Hallie Wettstein, was recently awarded a State FFA Proficiency Award in Grain Production. Courtesy photo
• Leader & Times
A farmer’s work is never done and recently, a member of the Future Farmers of America (FFA) chapter in Hugoton was recognized for her work done on her family’s farm throughout the past year.
Hallie Wettstein, daughter of Rustin and Ashley Wettstein, was recently awarded a State FFA Proficiency Award in Grain Production – Placement during the 90th Kansas FFA Convention at the end of May for accomplishments she has made in developing programs to help her in a career in agriculture. The award is sponsored by the Kansas Wheat Commission.
“I just kept thinking ‘Wow I actually did it!’ I had originally wanted to wait another year so I could have more records but my advisor thought we could do it this year so we did,” Wettstein said of hearing about her award. “This is my third year going to the convention. For the first two years I was just in the band and was just kind of there but this year I actually got to walk across the state and everything and seeing everyone else who received proficiency awards was really interesting because it was cool hearing about their projects. It was just overall a really good experience and a lot of fun.”
Wettstein, who will be entering her senior year of high school in the fall, works her father and grandfather on the family farm north of Liberal, which includes helps deal with 6,000 acres of wheat, corn, sunflowers and grain sorghum. She began working as a youngster by washing windows and taking out the trash and other small tasks and as she got older, her reponsibilities increased to helping running equipment and transporting seed to the fields on the farm.
The application process for the honor, Wettstein added, was a lengthy one. The process included keeping record books of hours worked and work completed as well as a series of essays that needed written for the judges to read, among other criteria.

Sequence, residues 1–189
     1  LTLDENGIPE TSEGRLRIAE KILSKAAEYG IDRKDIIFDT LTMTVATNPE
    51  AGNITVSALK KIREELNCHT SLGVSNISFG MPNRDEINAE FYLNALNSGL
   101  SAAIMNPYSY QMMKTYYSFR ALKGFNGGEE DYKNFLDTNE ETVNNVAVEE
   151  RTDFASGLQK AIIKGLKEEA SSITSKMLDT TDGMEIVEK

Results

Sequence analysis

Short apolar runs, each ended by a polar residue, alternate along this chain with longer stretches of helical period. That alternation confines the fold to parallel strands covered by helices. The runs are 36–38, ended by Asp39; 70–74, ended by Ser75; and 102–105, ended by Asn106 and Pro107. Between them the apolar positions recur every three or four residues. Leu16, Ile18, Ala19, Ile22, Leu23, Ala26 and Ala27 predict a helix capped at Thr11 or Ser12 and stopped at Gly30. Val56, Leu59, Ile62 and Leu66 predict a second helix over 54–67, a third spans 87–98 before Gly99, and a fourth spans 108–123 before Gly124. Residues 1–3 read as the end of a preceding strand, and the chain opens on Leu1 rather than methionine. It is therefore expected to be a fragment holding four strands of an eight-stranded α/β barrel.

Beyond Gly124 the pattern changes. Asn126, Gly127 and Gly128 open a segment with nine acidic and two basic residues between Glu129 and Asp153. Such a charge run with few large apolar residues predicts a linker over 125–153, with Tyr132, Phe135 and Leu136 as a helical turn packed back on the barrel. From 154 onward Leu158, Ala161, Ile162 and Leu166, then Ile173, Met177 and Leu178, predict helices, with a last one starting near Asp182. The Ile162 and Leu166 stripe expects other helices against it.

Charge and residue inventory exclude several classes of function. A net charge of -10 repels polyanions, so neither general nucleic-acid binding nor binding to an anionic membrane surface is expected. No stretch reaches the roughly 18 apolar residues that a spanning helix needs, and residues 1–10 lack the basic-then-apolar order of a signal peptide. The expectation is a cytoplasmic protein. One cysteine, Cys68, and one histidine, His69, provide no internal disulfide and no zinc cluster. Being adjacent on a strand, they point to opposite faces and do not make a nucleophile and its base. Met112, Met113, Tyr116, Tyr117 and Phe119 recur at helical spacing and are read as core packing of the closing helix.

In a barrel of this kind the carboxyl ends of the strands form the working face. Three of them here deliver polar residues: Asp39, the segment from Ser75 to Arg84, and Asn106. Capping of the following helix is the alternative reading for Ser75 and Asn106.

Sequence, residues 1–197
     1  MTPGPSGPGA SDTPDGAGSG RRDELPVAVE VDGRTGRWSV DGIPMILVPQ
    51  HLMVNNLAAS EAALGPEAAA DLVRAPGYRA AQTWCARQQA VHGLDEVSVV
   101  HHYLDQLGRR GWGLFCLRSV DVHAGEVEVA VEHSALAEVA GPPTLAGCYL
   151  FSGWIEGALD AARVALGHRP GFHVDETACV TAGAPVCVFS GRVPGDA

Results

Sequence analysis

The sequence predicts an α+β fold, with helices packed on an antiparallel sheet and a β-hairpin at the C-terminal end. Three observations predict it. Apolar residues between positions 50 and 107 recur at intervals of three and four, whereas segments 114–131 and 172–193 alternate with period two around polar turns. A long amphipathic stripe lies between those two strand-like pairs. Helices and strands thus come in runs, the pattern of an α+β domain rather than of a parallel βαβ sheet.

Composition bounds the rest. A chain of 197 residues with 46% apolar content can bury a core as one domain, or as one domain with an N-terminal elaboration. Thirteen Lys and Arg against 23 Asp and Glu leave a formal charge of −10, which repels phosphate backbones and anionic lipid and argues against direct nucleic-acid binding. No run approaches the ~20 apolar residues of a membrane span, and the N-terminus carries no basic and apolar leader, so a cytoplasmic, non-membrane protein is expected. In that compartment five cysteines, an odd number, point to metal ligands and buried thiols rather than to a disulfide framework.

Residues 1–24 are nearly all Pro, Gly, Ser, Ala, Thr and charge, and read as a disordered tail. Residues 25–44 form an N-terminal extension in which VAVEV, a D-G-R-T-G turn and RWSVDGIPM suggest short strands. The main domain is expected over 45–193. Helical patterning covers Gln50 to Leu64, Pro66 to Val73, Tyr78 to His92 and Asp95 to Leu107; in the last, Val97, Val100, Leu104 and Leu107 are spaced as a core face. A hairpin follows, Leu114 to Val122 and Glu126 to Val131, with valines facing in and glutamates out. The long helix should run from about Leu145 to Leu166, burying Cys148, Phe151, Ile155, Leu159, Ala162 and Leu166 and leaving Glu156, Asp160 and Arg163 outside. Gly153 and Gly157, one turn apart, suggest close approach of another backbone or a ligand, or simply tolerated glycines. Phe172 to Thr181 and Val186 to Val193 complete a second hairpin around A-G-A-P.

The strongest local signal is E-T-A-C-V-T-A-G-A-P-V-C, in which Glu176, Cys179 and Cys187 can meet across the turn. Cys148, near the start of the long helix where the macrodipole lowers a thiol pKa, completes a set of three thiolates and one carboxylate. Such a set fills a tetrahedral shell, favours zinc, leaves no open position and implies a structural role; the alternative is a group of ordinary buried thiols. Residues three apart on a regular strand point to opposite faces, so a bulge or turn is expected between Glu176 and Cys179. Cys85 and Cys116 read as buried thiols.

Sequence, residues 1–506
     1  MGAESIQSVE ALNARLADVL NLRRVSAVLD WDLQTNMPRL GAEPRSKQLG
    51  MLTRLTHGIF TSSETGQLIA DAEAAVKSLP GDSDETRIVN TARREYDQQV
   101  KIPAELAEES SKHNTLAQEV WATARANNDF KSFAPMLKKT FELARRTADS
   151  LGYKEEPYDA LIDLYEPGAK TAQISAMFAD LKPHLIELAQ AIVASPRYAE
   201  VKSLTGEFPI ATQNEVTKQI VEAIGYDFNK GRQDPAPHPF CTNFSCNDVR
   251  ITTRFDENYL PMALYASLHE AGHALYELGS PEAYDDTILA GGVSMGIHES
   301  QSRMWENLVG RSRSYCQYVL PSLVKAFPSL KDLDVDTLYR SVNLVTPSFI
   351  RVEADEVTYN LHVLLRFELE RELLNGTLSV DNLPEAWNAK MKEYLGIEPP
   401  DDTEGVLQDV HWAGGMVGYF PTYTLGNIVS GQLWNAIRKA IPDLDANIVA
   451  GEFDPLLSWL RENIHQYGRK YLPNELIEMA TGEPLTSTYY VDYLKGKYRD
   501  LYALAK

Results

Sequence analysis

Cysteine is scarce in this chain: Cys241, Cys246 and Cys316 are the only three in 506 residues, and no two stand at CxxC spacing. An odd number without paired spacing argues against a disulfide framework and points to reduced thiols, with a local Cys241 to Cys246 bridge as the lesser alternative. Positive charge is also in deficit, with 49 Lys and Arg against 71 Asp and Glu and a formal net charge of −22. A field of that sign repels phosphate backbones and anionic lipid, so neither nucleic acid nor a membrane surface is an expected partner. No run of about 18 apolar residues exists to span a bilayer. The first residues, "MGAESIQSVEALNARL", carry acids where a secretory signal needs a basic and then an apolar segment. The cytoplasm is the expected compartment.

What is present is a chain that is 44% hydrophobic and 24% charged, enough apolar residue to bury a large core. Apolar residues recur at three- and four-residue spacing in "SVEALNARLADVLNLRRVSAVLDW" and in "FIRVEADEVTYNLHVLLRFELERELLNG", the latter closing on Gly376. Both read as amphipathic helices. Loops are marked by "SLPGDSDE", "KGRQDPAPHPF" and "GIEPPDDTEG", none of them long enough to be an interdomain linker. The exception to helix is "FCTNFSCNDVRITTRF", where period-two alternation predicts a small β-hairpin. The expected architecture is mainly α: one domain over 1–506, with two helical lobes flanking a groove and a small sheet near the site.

“I first had to send the application off to the district and then they had to go through it and judge it,” Wettstein explained. “I won at the district level and then I had about two weeks to tweak it and get it ready for the state level. My advisor was absent for a short time and when he’d left the applications were still being judged and I was thinking ‘Okay, I guess I didn’t get it.’”
Shortly after that happened, however, Wettstein was proven wrong. In a good way, of course.
“About a week and a half later I was in my first class of the day and during the morning announcements they said to congratulate me for getting the award, so I actually found out the same time as the rest of the school,” Wettstein recalled with a chuckle. “I just kept thinking ‘Wow I actually did it!’ I had originally wanted to wait another year so I could have more records but my advisor thought we could do it this year so we did.”
Overall, Wettstein said, her experience with her FFA peers while in high school has been great. With Leadership Development Events Wettstein has done ag communications, job interview and prepared public speech. Then with the Community Development Events she has done land/home site evaluations, dairy cattle evaluation and entomology, making for a packed FFA career so far.
“Our FFA chapter is a lot of fun. It helps especially with the younger members to get to know them because with a lot of them, if we weren’t in FFA together, I don’t think we would have ever met or gotten to know each other so getting to know everyone and their stories is a lot of fun,” Wettstein said. “I’m excited but also a bit sad because this will be the last year I’ll get to do competitions. It’ll also be my last year of doing applications and those things but I’m really excited to get my state degree, which is the highest degree the state can bestow on an FFA member and it’s been a goal of mine to do that since my freshman year.”
Wettstein added some encouragement for youth in the area to check out FFA and also expressed praise to those who have been there during her FFA career thus far.
“I would say just come out and talk to us and come to a contest to see what it’s all about. If it turns out not to be your thing, that’s fine but if you do like it, come talk to us and we’ll be glad to have you,” Wettstein said. “I really want to thank my chapter and my advisor and everyone who helped me get to where I am. FFA’s really a great thing for people no matter if they have an ag background or not because we truly have something for everyone – my advisor always likes to say ‘We’re not just cows and plows.’”